- December 2014
- October 2014
- September 2014
- July 2014
- June 2014
- May 2014
- April 2014
- February 2014
- January 2014
- December 2013
- November 2013
- September 2013
- August 2013
- May 2013
- April 2013
- March 2013
- February 2013
- January 2013
- December 2012
- November 2012
- October 2012
- September 2012
- August 2012
- July 2012
- June 2012
- May 2012
- April 2012
- March 2012
- January 2012
- December 2011
- November 2011
- October 2011
- September 2011
- August 2011
- July 2011
- June 2011
- May 2011
- April 2011
- Banting diet
- certified organic
- ecological methodology
- fair trade
- fish farming
- fish farms
- Food security
- Food sovereignty
- grass farmer
- industrial farming
- joel salatin
- john seed
- michael pollan
- naga morich
- organic certification system
- organic farm
- organic farming
- organic food
- organic standards
- sir albert howard
- snake lily
- south african food
- Tim Noakes
By Rob Symons
It has been reported that that this September has shown the highest temperatures recorded globally since 1880, when records began.
This winter has certainly been a harbinger of future climate chaos. For us at Broadleaze Farm it has been a hard winter. It has been one of the driest on record where even some aloes had begun to die.
The wildlife suffered as they could not migrate due to fences, and in consequence we found our irrigated crops overwhelmed by hungry animals.
On top of all this were the fires. The dry and hot conditions were perfect for bush fires. No amount of fire-break maintenance could save the hayfields and forests.
Winter brought other problems such as our municipality trying to discourage agricultural rates rebates in a short-sighted attempt to boost its revenue.
The cost of inputs such as fuel and labour seemed to be on an inexorable upward slope.
After all this doom and gloom what does Spring portend for us?
The other day I took a walk out to the herb garden in the fine drizzle to pick a bunch of mint.
For the first time my senses were overwhelmed by an aura of greenness. The colour green was very much in evidence, but there was something else. A sense of vitality and growth, both subtle and potent, filled my consciousness.
It was life resurgent, full of promise and hope.
The mint was luscious and fragrant. The stand of tarragon that I had desperately nursed through winter now looked rampant. There was a moist velvet feel to the air and I had the strong feeling of life drinking in the precious water.
The promise of spring is awesome in its unfolding potential of unfurling buds, and of seeds springing to life.
Somehow the travails of winter pale into insignificance as a new hope swells.
Farm routine is now dominated by the imperative to plant and sow. As the grasslands blush with green the wildlife are blessed with plenty, the fields are given a reprieve.
The duiker and reedbuck almost seem to feel the same hope as they move with a certain lightness to their gait. The dam still needs to fill – the rainfall so far is not nearly enough. The municipal woes are still there. Costs have not come down. But somehow everything looks and feels brighter.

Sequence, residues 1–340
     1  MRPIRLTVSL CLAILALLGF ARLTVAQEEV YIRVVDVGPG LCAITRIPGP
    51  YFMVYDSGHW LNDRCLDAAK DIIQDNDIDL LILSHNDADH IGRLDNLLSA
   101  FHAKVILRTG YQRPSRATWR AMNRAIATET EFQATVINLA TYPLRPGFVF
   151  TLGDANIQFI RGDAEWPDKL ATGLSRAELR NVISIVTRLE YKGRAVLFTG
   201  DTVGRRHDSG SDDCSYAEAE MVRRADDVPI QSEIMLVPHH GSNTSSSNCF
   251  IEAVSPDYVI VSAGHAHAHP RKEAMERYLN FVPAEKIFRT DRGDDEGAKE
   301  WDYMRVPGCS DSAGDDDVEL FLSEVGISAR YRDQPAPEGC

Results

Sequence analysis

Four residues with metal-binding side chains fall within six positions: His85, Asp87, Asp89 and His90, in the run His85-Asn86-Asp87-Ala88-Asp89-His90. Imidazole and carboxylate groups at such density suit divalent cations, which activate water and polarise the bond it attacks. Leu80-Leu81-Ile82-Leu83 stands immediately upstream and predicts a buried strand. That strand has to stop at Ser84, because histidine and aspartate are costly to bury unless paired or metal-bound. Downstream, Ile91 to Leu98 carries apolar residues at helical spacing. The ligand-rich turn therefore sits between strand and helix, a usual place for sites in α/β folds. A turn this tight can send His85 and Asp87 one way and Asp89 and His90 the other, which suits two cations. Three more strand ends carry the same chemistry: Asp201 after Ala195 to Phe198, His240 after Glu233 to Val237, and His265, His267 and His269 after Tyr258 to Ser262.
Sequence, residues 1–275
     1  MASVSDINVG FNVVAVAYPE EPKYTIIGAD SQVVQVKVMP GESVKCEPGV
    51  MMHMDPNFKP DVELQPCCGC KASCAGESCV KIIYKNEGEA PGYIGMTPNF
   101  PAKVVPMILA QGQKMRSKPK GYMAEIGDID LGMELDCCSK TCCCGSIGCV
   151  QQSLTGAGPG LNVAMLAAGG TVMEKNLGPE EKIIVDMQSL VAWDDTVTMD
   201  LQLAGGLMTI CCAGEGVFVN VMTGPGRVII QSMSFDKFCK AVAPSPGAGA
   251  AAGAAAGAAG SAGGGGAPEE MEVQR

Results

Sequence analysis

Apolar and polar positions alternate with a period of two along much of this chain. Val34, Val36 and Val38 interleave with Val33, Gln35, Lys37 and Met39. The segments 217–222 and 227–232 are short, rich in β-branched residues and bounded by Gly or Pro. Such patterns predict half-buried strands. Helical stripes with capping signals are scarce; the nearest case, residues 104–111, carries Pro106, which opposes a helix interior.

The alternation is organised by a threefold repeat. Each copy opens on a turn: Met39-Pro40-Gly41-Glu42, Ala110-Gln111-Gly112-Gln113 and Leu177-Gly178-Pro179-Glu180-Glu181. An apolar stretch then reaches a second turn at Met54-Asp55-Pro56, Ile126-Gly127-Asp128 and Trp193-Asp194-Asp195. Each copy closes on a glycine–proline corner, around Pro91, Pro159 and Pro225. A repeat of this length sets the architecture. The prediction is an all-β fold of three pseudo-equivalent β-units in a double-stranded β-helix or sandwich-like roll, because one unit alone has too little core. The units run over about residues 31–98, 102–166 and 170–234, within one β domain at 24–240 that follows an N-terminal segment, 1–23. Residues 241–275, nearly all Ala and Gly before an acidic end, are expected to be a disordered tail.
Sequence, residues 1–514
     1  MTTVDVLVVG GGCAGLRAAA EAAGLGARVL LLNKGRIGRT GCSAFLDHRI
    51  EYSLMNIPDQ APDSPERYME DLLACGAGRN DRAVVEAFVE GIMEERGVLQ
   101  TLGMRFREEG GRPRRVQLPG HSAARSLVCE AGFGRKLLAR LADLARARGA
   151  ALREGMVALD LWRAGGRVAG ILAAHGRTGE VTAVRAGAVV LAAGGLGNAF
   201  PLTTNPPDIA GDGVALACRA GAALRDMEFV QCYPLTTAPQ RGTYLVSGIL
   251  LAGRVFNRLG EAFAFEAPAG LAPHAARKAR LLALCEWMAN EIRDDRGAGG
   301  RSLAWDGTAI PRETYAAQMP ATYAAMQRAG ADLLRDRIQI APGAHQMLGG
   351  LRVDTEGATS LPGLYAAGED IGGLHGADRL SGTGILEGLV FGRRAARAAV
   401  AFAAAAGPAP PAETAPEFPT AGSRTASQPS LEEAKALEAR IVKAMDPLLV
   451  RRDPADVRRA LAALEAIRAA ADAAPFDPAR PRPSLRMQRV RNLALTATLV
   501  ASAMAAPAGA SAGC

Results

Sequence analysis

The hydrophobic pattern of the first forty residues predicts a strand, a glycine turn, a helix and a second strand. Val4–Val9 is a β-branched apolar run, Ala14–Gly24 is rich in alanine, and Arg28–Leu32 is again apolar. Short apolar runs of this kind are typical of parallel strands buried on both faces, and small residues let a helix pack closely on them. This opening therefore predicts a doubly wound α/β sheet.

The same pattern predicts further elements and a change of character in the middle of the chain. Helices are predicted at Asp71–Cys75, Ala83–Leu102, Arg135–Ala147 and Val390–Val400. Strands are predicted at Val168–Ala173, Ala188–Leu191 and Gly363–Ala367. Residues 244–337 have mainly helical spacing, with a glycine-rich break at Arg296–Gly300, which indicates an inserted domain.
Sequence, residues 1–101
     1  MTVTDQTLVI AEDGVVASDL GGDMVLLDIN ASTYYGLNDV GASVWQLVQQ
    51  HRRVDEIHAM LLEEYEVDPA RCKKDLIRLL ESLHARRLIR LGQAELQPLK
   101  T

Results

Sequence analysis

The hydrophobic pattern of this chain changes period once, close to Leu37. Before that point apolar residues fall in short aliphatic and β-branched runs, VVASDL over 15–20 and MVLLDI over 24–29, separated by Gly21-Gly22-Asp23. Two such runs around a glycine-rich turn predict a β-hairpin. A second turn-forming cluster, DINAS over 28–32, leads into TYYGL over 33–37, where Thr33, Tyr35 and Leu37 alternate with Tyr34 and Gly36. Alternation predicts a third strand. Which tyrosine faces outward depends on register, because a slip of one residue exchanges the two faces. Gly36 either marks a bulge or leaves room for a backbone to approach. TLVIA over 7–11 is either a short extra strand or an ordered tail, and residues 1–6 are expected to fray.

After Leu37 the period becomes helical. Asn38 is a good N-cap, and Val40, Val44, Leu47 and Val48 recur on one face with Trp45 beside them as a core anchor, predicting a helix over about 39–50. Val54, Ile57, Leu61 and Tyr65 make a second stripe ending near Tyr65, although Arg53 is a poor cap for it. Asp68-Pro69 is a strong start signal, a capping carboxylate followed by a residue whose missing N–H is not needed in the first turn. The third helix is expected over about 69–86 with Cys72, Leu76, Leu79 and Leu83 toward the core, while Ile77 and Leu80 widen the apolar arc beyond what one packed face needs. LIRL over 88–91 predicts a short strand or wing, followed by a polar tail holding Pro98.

Plans are being laid – the anticipation of harvest is infectious and somehow the hard labour is rendered easy. This is how spring should be celebrated, with hope and joy, and anticipation of a bountiful future.
By Rob Symons
Of all the questions I am asked on the subject of home food gardens the majority are about the health of the plants and how to prevent predators. In this column I will focus on health and leave the subject of unwanted visitors to another.
The philosophy behind organic gardening is based on systems theory. Our definition of a system is a set of interacting components in which the behaviour of the whole set is determined by the sum of the interactions between its components.
A garden is an ecosystem of which we, the gardeners are one of the components. Our gardens are of course subsets of a larger ecosystem – the suburb or countryside. There are other ecosystems that are within our garden such as the soil ecosystem. The health of the plants in the garden are dependent on the balanced interactions between all the components of the garden ecosystem.
The most important component in terms of health is the soil ecosystem. This system has co-evolved with plants to store, distribute and dispense nutrients to them. As in humans and animals, good nutrition is the key to health. It makes sense then in seeking to improve the health of our plants that we focus on the soil.
An old mantra of the organic movement is “feed the soil not the plants”. The soil is rich in life and is probably the most complex ecosystem on Earth. However not all soils are created equal. The basic mineral substrate of the soil can vary according to geographic locality in both its mineral content and in its basic consistency. This is where the organic gardener can exercise her role as an ecosystem component to assess and amend the soil to suit the plant types she wishes to grow.
This may be in the form of rock dusts such as dolomitic lime which can increase the calcium content of our ancient, depleted KwaZulu-Natal soils. These rock dusts will do nothing unless they are acted on by the rich microbial life in the soil.
The soil biota need their own nutrients and this is where the cornerstone of organic farming, composting, comes into its own. Composting is the recycling of nutrients back to the soil – a natural process.